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Social Class and Classism in the Helping Professions

Social Class and Classism in the Helping Professions
Research, Theory, and Practice

  • William M. Liu - Counseling Psychology Program, University of Iowa, University of Iowa, USA

August 2010 | 320 pages | SAGE Publications, Inc
Provide your students with engaging material on social class and classism

The impact of social class and classism on mental health functioning crosses racial, ethnic, and social lines and significantly contributes to our overall well-being. Any attempt to understand individuals must include an understanding of how economic issues and class have contributed to their difficulties. In Social Class and Classism in the Helping Professions, author William Ming Liu presents theory and research on the impact of classism and social class on mental health. He provides an original framework—the Social Class Worldview Model—for exploring each person's individual and subjective life experiences. These experiences form a perspective that is unique to the individual. The author then helps the reader integrate this realization into the study of poverty, economic inequality, wealth, and the often overlooked implications of greed, materialism, and consumerism for a more complete understanding of social class and classism.

Intended Audience
This text is intended as a supplement for graduate and advanced undergraduate courses that address psychological and counseling theories, multicultural counseling, and research in the helping professions. These courses may be found in departments of counseling, rehabilitation, psychology, education, nursing, and social work.

Chapter 1. Introduction
Definition and Focus

The Importance of Social Class in the Helping Professions


The Helping Professions' Poor Understanding of Social Class and Classism

Sociology's Impact on the Helping Professions

Social Class, Socioeconomic Status, Social Status, and Classism

Social Class and Classism Multicultural Competencies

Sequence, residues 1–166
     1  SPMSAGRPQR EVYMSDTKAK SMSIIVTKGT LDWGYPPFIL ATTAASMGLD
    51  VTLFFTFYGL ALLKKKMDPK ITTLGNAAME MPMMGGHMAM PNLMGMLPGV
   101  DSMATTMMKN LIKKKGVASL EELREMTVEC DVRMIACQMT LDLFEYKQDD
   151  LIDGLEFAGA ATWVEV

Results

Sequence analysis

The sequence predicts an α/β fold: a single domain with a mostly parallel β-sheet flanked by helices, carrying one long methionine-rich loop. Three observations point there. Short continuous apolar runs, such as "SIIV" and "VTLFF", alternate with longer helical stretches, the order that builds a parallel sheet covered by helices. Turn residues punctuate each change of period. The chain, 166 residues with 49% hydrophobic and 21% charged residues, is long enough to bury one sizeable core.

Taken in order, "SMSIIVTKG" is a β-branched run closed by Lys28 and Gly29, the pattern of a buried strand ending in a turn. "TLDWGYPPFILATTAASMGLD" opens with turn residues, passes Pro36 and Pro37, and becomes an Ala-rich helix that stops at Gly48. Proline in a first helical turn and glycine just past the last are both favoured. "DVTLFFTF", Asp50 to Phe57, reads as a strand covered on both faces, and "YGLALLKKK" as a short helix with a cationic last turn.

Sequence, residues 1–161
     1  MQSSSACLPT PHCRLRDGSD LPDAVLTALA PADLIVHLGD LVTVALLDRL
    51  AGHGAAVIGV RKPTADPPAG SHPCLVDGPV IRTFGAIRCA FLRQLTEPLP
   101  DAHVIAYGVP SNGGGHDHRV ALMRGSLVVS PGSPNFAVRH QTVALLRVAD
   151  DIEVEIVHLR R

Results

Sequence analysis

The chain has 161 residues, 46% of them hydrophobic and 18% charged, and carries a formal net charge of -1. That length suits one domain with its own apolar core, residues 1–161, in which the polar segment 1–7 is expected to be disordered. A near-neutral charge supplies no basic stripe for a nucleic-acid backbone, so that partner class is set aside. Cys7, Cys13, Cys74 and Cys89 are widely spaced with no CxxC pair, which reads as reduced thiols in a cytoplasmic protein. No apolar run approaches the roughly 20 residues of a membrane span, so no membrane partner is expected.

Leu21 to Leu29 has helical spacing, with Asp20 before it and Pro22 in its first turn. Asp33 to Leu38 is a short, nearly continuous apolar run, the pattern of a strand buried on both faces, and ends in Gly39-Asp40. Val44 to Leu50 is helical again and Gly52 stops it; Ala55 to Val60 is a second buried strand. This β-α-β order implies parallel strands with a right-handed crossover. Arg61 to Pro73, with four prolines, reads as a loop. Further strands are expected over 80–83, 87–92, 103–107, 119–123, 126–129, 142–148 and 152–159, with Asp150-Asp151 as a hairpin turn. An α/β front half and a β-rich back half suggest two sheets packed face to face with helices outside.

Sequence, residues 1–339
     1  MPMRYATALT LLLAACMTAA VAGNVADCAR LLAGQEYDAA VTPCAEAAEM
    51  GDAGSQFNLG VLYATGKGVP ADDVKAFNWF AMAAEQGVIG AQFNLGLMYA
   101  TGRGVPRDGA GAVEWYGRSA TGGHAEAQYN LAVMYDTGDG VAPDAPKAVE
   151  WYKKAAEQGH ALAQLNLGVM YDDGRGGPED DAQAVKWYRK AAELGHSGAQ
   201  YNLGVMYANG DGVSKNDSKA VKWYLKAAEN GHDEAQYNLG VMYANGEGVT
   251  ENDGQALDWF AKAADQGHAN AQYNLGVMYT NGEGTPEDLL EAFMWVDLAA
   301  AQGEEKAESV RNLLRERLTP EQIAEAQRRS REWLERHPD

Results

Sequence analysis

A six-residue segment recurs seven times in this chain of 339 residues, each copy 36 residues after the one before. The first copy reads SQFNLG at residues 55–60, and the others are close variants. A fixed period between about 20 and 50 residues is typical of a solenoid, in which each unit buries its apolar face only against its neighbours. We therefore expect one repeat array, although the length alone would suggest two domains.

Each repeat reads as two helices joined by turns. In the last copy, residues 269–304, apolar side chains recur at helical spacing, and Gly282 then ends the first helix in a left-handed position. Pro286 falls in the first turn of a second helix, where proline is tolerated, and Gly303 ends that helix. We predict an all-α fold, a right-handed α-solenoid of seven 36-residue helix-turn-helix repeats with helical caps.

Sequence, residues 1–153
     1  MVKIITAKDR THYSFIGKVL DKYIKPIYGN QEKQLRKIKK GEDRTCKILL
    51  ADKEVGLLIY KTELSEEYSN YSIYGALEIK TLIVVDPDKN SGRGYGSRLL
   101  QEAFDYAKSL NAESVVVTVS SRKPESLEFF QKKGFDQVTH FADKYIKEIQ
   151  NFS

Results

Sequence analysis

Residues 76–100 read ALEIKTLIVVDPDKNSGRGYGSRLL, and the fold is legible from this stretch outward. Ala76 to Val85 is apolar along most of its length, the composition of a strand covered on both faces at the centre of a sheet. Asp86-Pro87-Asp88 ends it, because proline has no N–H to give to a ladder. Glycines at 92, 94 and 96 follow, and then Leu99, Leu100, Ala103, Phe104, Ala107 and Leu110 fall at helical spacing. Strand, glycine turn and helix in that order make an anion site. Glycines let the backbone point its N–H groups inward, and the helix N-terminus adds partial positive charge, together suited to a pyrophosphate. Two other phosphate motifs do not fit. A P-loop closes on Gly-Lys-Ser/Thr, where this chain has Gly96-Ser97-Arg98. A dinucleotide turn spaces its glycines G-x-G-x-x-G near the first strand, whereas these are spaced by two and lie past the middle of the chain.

Conclusion and Summary

Chapter 2. Social Class, Classism, and Mental and Physical Health
The Context of Social Class and Classism

The Social Class Health Gradient

Social Class and Mental Health

Implications for Practice

Conclusions and Summary

Chapter 3. Problems in Social Class Measurement and Research
Problems With Current Methods for Understanding Social Class

Categorizing Social Class

How Is Categorizing Accomplished?

Moving Toward Subjectivity of Social Class and Classism

Implications for Practice


Chapter 4. The Social Class Worldview Model
The Context of Economic Cultures

Social Class and Classism Consciousness

Implications for Practice


Chapter 5. Social Class and Psychotherapy, Counseling, and Career-Related Issues
Counseling, Psychotherapy, and Helping Professionals

Social Class and Classism to Inform Our Work With Clients

Empirically Validated and Supported Treatments and Common Factors

Understanding Our Own Biases and Social Class Experiences

Career Counseling

Using Social Class-Based Interventions in Counseling

Implications for Practice


Chapter 6. The Impact of Social Class and Classism on Healthy Psychological Development
Social Class and Classism and Psychological Development

Quality of Child Care

Sleep Habits

Parent and Child Relationships

Impact of Media and Television

Social Class and Classism Traumas

Into Adulthood

Implications for Practice


Chapter 7. Greed, Materialism, and Affluence and Mental Health: The Rich Are Not Immune
Greed, Materialism, and Affluence

Consumption and Being Healthy

Materialism and Consumerism

Other Forms of Commodification and Consumerism


Affluence and Mental Health

Implications for Practice


Chapter 8. Classism, Inequalities, and Poverty
How People Make Meaning of Poverty and Inequality


Economic Resources, Economic Privilege, Economic Entitlement

The Psychology of Privilege and Entitlement


White Trashism

Implications for Practice


Chapter 9. Integrating Social Class and Classism Into Training, Education, and Supervision
Training and Education

Upward Mobility Bias

Becoming Social Class and Classism Competent

Using the Social Class Worldview Model (SCWM-R) as a Training Tool

Training Experiences and Supervision

Privilege and Power


Chapter 10. Social Class, Classism, Advocacy, and Social Justice
Definitions and Contexts of Social Justice, Advocacy, and Empowerment Work


Social Justice and Social Class and Classism




About the Author
Key features
Key Features
  • Liu's original Social Class Worldview Model–Revised provides a theoretical framework for integrating each individual's reaction to social class and classism experiences and addressing that worldview within counseling and psychology work.
  • An "Implications for Practice" section at the end of many chapters helps professionals recognize ways to interpret and frame each client's experiences and how to use that knowledge compassionately and effectively.
  • Readers receive guidance in additional ways to act as advocates for their clients—regardless of affluence—through a study of privilege, social justice, empowerment, and competence.

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